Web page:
What are the causes of flat feet?

Flat feet can be caused by either congenital or acquired factors. Congenital factors that lead to flat feet include:

  • Congenital tarsal coalition, in which the child has congenital tarsal coalition such as calcaneus and talus coalition. This is a common situation where there is a greater chance of developing flat feet;
  • Congenital loosening of the ligament, which means the child suffers from congenital loosening of ligaments throughout the body. This condition of loosened ligaments can appear on the feet or other body joints, and it is also one of the reasons for the foot arches to disappear;
  • The foot arches in children under eight years old are yet fully developed. As the Achilles tendons and ligaments are softer, chance of causing flat feet would be higher; and
  • Genetic factors. If the parents or other members of the family have flat feet, there will be a greater chance for the child to suffer from the same condition.

Even if the arches on the inner side of the feet were born normal, there may still be acquired factors that lead to disappearing of healthy foot arches. These causes include:

  • Damage to the posterior tibial tendon, that is one of the common causes of adult acquired flatfoot. Posterior tibialis tendinitis is more often seen in middle-aged lady. Overuse and trauma can cause inflammation of the tendon. Patients with this condition usually complain of pain along the inside of the foot and ankle where the tendon lies. If left untreated, the medial foot arch may become flattened and the flat foot deformity will become rigid and lead to painful degeneration.
  • Overweight of the body may over-burden the foot arches, making them unable to bear the relevant body weight and result in flat feet
  • Due to the lack of exercise, the muscles of the feet are not strong enough to support the body, while the elasticity of the foot arches may not be sufficient either; and
  • Accidental injuries may also lead to acquired loosening of the ligaments.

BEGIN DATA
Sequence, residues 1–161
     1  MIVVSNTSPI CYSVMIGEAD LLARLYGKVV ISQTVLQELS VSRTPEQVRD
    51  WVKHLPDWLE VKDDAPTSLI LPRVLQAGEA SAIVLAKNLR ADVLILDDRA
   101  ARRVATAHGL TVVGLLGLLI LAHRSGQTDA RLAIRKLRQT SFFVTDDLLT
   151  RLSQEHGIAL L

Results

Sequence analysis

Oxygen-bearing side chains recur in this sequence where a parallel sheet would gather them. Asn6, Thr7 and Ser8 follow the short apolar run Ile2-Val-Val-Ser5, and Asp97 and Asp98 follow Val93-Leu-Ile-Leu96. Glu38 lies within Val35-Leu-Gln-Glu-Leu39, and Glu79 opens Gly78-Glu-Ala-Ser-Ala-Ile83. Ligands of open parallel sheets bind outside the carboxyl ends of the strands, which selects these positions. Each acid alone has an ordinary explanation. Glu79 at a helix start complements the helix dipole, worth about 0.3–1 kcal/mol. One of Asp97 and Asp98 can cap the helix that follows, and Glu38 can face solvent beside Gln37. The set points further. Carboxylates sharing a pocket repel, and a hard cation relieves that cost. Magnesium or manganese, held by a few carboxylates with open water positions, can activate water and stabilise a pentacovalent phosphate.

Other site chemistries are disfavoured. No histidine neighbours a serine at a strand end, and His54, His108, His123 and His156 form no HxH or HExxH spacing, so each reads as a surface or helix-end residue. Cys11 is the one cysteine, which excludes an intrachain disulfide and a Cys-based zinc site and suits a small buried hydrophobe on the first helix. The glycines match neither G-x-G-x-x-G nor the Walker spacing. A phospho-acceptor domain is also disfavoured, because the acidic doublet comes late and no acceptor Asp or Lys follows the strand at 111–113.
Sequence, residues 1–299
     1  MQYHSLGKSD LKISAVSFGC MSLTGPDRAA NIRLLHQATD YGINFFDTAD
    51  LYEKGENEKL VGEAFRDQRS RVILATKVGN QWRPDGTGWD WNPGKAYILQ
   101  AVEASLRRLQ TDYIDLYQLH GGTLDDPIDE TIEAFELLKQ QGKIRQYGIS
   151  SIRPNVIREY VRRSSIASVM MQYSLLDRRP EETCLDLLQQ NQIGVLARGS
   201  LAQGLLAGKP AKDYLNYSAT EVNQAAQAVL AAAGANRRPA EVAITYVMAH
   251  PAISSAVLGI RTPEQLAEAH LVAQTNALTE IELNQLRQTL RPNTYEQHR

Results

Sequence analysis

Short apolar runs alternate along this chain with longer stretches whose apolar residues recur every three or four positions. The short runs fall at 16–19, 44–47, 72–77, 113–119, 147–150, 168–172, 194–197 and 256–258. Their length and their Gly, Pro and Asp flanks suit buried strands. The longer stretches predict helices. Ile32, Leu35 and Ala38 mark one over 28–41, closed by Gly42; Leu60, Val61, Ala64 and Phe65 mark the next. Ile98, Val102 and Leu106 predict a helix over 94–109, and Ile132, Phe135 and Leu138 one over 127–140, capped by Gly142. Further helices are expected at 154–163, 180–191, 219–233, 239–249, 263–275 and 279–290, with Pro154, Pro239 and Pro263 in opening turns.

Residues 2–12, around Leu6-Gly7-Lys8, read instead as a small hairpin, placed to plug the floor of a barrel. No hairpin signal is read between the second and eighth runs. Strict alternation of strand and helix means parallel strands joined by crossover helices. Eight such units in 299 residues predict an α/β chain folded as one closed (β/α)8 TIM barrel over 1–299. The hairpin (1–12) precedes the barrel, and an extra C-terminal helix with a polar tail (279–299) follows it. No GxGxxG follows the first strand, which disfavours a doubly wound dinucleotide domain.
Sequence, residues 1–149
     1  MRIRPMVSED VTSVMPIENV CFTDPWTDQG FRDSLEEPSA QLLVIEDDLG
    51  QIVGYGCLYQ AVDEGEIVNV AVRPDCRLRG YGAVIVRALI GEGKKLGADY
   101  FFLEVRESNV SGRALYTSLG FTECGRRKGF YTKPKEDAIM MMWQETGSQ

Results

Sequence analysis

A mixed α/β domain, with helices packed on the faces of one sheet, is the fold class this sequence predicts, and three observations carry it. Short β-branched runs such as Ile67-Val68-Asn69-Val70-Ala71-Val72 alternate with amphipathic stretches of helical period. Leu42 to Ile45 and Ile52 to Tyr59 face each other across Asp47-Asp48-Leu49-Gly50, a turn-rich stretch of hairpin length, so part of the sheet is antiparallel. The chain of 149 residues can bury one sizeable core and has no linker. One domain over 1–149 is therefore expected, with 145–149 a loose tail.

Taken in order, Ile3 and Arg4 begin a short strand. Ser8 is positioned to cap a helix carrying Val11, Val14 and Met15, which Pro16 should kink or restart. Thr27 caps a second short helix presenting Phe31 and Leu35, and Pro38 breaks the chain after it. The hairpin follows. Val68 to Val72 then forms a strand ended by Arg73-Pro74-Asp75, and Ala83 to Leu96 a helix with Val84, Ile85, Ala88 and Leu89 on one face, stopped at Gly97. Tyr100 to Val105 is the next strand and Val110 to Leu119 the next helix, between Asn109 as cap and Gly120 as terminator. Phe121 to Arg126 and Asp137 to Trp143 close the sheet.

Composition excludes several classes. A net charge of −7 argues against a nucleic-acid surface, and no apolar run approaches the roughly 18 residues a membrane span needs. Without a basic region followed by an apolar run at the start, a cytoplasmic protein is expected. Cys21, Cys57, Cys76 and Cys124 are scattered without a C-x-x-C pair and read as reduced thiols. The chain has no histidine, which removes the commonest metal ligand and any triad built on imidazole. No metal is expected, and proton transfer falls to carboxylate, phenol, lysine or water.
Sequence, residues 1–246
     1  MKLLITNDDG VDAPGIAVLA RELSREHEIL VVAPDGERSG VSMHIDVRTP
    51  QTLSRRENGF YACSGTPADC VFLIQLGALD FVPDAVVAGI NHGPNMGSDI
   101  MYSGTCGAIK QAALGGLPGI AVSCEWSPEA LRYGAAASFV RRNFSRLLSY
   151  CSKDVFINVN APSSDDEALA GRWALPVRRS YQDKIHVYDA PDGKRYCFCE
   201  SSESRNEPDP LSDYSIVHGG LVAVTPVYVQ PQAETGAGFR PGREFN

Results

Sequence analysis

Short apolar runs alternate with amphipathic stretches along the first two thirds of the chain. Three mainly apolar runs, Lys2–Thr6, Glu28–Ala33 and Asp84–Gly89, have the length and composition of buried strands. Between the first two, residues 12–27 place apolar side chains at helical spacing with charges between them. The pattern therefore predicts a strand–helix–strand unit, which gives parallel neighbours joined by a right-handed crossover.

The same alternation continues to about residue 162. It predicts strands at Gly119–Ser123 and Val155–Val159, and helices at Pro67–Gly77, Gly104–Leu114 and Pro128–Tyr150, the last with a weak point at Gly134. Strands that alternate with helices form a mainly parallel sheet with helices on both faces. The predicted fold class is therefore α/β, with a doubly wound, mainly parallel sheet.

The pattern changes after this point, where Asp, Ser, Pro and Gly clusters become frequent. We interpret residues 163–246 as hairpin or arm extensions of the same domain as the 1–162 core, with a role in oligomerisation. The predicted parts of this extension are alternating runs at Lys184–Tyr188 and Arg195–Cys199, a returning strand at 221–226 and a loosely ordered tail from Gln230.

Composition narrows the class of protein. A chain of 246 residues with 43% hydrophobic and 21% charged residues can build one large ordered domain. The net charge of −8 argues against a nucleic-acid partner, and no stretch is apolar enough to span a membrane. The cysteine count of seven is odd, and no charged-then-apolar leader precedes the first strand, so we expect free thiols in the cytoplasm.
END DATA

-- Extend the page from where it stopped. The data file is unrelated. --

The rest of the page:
What are the symptoms of flat feet?

Flat feet generally show no obvious symptoms during the initial stage. In terms of appearance, however, the foot arches will collapse and lead to flat soles. If it is found that the space between the foot arches and the floor is not enough to fit a pen when a person stands on the ground with bare feet, further examination should be considered.

Other symptoms include frequent tiredness on the inner side of the feet while walking or after exercise, more wearing on the inside of the shoe heels, more frequent callus, and the feet splaying inward or outward during walking.

In case proper treatment is not given to alleviate the condition of flat feet, prolonged walking or standing may lead to complications such as inflammation of the plantar fascia and spur proliferation.

Can flat feet be treated?

Generally, foot arches develop before the age of eight. Since the arches have not been fully developed and the Achilles tendons and ligaments are still soft during this age, many children suffer from physiological flat feet. After the age of eight, the development of the foot arches will complete with the increase of age. Under most circumstances, this will bring about improvement of the flat feet condition. If the child is in a more serious condition, physiotherapy or the use of orthopaedic insoles may be necessary.

For adults who suffer from the problem of flat feet, doctors may recommend them to use insoles to improve the shape of the foot and prevent consequences due to the collapse of foot arches. Meanwhile, physiotherapy is another possible treatment. For cases with serious pain, anti-inflammatory analgesics may be given. Only a very small number of cases require surgical intervention.

How to prevent flat feet?

1. Foot exercises
To prevent flat feet, you can regularly exercise your feet through rope-skipping and standing on your toes. These exercises can strengthen the thighs, calves, plantar muscles, tendons and ligaments. You may also stretch the toe tendons and press the plantar fascia with your elbows to stretch the foot arches.

2. Choose the right shoes
When choosing shoes, you should pick those with a right size and breathable style. In addition, the soles need to be tough enough to support the arch, prevent slip, and absorb shock. Meanwhile, the heels of the shoe need to provide sufficient support to prevent injury to the calcaneus. Meanwhile, avoid wearing pointed style shoes and high heels above two inches.。

3. Regular examination
Children who are still in the developmental stages or who are suspected of having flat feet can undergo regular foot assessments or perform foot stress tests to check and follow up on the development of the foot arches.

4. Healthy lifestyle
Live a healthy lifestyle to maintain normal weight and avoid overburdening the feet which would help prevent flat feet.

Last Updated: Nov 2019
Please note that all medical health articles featured on our website have been reviewed by Quality Healthcare doctors. The articles are for general information only and are not medical opinions nor should the contents be used to replace the need for personal consultation with a qualified health professional on the reader’s medical condition.